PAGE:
Friday, October 3, 2008

Book Review: Recovering the Lost Tools of Learning

“An Approach to Distinctively Christian Education”

This book has a lot of interesting information, still applicable to schooling today even though it was written in 1991. The book discusses education in general, with a focus on what Christian Education should be, in the framework of the Classical Education model.

I really appreciated the depth of the discussion about what Christian Education should be. Much of the book was spent comparing a Christian Education to a Humanistic Education, exploring exactly why they are different. Basically, one must realize that a complete Christian Education is not accomplished by adding prayer and bible study to a Humanistic course of study. Christian Education is built on the framework of knowing that all study is connected to the Creator—they are not individual disconnected areas of study.

As much as I enjoyed and agreed with most of this book, I have to say that I remain unconvinced that a complete Christian Education is the only way to reform education in America simply because this is not the method employed by other countries whose educational systems far exceed that of the United States. It is probably true that countries whose students perform better academically do so in part because of societal expectations. Therefore, in a broader sense I suppose the argument could be applied that Christianity is (or was, or should be) America’s framework for such expectations. In that case the breakdown of the Christian faith in America would account for a degeneration of academic and moral expectations. I tend to think, however, that the problem is more likely to lie in the fact that we are a nation of immigrants tied together by the idea of freedom. Without any other unifying moral framework this ideal has evolved into a sense of entitlement which has had a detrimental affect on many different aspects of our country and government.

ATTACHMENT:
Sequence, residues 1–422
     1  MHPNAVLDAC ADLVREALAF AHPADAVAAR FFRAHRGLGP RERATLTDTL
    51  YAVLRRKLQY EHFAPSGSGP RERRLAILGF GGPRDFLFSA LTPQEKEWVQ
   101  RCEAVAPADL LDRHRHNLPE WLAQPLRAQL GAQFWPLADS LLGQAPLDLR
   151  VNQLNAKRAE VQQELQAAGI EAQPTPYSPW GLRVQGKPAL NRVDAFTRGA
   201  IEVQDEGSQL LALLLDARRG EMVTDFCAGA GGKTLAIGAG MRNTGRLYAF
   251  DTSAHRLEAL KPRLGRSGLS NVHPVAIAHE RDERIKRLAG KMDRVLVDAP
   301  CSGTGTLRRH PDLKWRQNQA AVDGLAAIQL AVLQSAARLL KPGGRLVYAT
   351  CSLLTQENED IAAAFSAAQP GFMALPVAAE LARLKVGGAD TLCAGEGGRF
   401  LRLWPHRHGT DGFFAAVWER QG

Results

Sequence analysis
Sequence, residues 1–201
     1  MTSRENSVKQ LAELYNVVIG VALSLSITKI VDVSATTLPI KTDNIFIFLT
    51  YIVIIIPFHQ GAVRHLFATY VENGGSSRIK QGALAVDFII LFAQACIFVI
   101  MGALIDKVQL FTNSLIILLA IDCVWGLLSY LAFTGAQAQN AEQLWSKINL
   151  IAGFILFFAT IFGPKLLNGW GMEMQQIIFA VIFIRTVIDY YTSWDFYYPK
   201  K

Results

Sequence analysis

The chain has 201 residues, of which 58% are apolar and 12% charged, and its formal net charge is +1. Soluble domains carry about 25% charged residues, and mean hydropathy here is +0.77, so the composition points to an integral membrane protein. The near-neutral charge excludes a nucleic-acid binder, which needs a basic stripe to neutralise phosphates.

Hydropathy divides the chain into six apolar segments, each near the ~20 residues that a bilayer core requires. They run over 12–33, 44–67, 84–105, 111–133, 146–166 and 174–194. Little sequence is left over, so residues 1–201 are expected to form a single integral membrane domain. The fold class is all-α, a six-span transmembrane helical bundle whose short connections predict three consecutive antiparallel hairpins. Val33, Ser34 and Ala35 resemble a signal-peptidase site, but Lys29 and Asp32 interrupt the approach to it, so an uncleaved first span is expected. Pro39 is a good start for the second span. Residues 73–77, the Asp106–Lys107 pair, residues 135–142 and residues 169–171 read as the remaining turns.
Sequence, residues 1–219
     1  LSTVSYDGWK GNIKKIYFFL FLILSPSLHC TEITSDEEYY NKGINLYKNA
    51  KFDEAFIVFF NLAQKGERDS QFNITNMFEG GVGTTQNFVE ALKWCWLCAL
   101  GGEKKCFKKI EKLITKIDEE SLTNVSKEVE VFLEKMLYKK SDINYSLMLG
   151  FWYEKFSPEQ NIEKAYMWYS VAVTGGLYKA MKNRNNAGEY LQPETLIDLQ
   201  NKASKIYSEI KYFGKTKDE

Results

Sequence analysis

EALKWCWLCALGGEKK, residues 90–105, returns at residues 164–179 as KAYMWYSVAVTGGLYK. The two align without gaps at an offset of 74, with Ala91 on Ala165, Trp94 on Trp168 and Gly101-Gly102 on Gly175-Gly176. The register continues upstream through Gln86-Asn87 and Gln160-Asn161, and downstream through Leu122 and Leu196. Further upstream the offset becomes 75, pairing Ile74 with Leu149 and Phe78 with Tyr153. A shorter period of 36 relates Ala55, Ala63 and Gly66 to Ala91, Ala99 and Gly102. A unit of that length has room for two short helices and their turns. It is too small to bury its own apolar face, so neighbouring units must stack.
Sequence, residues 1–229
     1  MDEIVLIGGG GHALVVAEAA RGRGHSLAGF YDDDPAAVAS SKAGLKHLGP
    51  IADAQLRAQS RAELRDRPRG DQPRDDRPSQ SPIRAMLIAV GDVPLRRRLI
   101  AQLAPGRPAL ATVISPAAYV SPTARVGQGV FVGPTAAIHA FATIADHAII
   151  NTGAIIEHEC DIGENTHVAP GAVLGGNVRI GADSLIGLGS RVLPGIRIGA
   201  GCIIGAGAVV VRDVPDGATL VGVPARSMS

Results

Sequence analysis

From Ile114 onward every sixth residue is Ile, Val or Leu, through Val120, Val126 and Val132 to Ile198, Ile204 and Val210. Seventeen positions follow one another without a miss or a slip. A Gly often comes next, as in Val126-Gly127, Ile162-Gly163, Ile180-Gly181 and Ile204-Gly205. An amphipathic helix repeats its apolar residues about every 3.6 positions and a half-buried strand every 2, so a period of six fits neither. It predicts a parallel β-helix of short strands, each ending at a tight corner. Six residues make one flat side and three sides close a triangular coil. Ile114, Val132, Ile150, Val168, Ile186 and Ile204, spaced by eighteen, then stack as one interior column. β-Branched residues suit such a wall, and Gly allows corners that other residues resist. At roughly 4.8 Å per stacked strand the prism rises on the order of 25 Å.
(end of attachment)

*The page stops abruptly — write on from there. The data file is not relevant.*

I don’t think that the answer to education, or any other government program, is to attempt to make it distinctively Christian. I do think, however, that it would benefit Christian families to put more thought into the issues that Recovering the Lost Tools of Learning raises. Overall, I have to say that it was an enjoyable, well written book. If you are in the mood to refine your educational philosophy, I suggest you pick up a copy and see where it takes you!

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